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Who Survives in Japan? An Empirical Analysis of European and U.S. Multinational Firms in Japanese Manufacturing Industries

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  • Hideki Yamawaki

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    Abstract

    This paper provides new evidence on exit patterns of European and U.S. firms in Japanese manufacturing industries. Specifically, the paper tests two sets of hypotheses: (1) Japan's distinctive business institutions and practices work against foreign firms and constitute a barrier to operate in Japan; and (2) the international configuration of business activities of foreign firms determines their post-entry performance in Japan. Using a new sample of 366 subsidiaries established during the 1973--1994 period in Japan, the paper finds, most importantly, that the exit pattern of foreign firms in Japan is influenced significantly by the industry-specific factors that determine infant mortalities and the subsidiary-specific factors that determine the subsidiary's international activities. On the contrary, this paper finds that Japan's distinctive business practices are less likely to affect the exit pattern.

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    File URL: http://journals.kluweronline.com/issn/1566-1679/contents
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    Bibliographic Info

    Article provided by Springer in its journal Journal of Industry, Competition and Trade.

    Volume (Year): 4 (2004)
    Issue (Month): 2 (06)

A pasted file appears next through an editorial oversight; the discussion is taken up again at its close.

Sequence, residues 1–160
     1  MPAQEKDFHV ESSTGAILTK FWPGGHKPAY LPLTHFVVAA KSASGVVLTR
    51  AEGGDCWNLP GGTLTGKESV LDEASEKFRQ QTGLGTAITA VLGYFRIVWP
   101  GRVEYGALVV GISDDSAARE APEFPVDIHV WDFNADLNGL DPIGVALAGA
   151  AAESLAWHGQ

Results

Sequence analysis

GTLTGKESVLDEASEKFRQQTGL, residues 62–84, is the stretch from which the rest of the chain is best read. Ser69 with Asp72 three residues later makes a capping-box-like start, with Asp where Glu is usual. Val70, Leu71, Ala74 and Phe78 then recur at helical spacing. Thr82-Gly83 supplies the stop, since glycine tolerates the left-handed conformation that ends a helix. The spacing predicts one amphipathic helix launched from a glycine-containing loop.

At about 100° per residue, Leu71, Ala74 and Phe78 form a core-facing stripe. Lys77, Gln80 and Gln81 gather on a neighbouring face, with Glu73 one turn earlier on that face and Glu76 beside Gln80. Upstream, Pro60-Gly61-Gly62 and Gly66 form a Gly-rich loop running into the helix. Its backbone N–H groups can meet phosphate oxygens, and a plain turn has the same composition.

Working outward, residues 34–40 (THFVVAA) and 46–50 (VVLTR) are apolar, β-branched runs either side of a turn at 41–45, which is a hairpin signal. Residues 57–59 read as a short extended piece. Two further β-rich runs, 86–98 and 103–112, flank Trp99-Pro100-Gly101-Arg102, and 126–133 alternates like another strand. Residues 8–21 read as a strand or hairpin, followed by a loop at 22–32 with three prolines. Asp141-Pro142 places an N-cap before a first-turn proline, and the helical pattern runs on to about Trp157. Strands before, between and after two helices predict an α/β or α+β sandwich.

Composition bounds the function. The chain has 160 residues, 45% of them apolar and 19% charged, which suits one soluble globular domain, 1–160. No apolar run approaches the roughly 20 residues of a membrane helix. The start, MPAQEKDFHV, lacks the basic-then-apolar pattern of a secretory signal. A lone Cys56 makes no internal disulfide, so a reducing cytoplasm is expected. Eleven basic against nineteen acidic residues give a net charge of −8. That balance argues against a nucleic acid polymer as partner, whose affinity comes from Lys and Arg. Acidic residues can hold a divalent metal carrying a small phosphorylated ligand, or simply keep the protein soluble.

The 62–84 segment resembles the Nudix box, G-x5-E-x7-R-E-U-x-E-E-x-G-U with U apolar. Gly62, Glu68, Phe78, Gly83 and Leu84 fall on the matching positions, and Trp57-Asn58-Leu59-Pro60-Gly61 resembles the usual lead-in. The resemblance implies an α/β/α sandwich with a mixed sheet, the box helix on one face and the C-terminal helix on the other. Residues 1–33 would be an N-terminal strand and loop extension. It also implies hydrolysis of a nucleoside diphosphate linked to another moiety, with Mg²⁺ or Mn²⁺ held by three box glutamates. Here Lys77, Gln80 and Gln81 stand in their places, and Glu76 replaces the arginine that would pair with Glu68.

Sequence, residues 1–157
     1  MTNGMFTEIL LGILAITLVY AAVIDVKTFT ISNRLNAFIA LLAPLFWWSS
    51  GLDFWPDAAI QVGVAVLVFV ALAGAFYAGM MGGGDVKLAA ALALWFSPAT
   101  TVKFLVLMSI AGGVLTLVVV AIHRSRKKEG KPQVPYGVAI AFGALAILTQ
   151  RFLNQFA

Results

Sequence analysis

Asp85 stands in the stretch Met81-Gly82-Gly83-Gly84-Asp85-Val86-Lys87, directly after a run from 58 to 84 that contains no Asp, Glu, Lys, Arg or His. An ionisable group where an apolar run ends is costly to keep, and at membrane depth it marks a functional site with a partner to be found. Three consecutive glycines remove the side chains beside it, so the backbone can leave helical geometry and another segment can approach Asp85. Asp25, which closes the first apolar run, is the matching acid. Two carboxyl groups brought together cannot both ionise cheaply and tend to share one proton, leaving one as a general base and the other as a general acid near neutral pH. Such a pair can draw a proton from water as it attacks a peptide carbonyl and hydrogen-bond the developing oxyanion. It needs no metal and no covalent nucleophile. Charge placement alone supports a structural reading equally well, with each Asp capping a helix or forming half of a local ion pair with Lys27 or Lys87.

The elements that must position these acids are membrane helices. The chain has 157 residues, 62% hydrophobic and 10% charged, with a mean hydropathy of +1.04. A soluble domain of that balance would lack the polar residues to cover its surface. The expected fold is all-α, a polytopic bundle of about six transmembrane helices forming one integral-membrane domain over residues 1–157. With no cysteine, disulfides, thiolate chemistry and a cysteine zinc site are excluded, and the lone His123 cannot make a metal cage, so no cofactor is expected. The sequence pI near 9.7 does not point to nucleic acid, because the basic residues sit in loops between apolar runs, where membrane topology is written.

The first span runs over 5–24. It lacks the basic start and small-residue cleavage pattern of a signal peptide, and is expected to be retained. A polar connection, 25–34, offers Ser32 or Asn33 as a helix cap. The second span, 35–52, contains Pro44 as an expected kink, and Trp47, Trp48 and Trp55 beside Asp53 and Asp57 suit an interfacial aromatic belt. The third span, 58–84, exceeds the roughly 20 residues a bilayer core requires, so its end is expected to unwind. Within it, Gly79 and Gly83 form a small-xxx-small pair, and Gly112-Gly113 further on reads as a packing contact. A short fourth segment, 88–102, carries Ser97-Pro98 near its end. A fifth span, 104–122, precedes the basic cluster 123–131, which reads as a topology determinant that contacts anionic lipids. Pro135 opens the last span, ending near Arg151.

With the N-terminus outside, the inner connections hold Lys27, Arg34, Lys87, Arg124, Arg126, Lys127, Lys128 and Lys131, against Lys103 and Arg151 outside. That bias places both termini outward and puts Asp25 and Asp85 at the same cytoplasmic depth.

Pages: 135-153

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    Handle: RePEc:kap:jincot:v:4:y:2004:i:2:p:135-153

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    Web page: http://springerlink.metapress.com/link.asp?id=105724

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    1. Markusen, James R., 2002. "Multinational Firms and the Theory of International Trade," MPRA Paper 8380, University Library of Munich, Germany.
    2. Paprzycki,Ralph & Fukao,Kyoji, 2012. "Foreign Direct Investment in Japan," Cambridge Books, Cambridge University Press, number 9781107411289, October.
    3. Gary R. Saxonhouse, 1993. "What Does Japanese Trade Structure Tell Us about Japanese Trade Policy?," Journal of Economic Perspectives, American Economic Association, vol. 7(3), pages 21-43, Summer.
    4. Encarnation, Dennis J. & Mason, Mark, 1990. "Neither MITI nor America: the political economy of capital liberalization in Japan," International Organization, Cambridge University Press, vol. 44(01), pages 25-54, December.
    5. repec:fth:michin:337 is not listed on IDEAS
    6. David B. Audretsch, 1995. "Innovation and Industry Evolution," MIT Press Books, The MIT Press, edition 1, volume 1, number 0262011468, December.
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